Getting out of the dock is tricky with prop walk more a hinderance than a help until past the end of the pontoon and the three launches moored to it. To help I put a long line to the stern of the middle launch and used that to haul her back and then into the launches as the tide took Sancerre away from them. With almost no wind I was then able to motor out slowly backwards then turn with he prop walk before heading back to the mooring.
The line going to the second launch in the pic and was a big help,
if there had been more wind I would probably have run my long
(100m) line over to the finger in the next door marina and turned the
boat there before going out into a stronger wind and tide. 

A berth at that marina would be about six times what I pay for a
mooring 2 cables down stream and that is not cheap.
Pulling three and a half tonnes of boat fore and aft single handed in still water is not a problem but pulling one sideways or with a tide running is; so on top of the other work it is going to take me a day or two to recover 😞.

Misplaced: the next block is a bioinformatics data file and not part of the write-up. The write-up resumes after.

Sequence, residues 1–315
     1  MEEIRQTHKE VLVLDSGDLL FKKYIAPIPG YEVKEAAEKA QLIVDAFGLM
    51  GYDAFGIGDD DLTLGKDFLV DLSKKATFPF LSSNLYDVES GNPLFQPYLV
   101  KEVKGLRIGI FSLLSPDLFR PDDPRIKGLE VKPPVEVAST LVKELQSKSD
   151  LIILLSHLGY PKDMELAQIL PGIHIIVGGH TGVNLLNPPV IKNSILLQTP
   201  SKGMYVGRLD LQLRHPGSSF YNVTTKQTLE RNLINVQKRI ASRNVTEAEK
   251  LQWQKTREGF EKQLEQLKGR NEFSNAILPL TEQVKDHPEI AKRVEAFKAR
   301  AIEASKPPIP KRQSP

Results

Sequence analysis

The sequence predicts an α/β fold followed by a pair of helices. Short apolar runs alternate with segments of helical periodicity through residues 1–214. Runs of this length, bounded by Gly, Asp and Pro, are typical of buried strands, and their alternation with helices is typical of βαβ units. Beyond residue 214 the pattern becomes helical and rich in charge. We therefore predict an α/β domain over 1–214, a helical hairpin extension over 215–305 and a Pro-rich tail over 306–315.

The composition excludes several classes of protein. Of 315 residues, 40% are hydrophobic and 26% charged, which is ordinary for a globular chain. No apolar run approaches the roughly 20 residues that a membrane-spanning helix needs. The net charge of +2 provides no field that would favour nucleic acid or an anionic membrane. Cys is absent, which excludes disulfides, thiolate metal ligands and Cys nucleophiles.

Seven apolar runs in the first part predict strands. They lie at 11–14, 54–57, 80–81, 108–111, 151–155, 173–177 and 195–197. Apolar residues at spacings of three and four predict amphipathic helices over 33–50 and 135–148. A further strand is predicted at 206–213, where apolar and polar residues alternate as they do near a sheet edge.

The tide is good to leave for points west on or about the 29th but the weather does not look promising [Edit: and a few days later looked even worse], not being as fit as I would like I would prefer not to start the cruise by taking on a 30 - 36 hour direct trip to Start Point or Plymouth so to get a good tide through the Portland Bill inshore route, I will not get away until Wednesday April 12th at the earliest, disappointing but hopefully it will be a bit warmer and I will have a few days chasing trout πŸ˜€ after the season opens on the chalk streams in early April.

I'm now on Plan C, see the next post.

Friday, March 3, 2023

2023 March 3rd - Preparing for the scrub and a shout out to "Total Tide"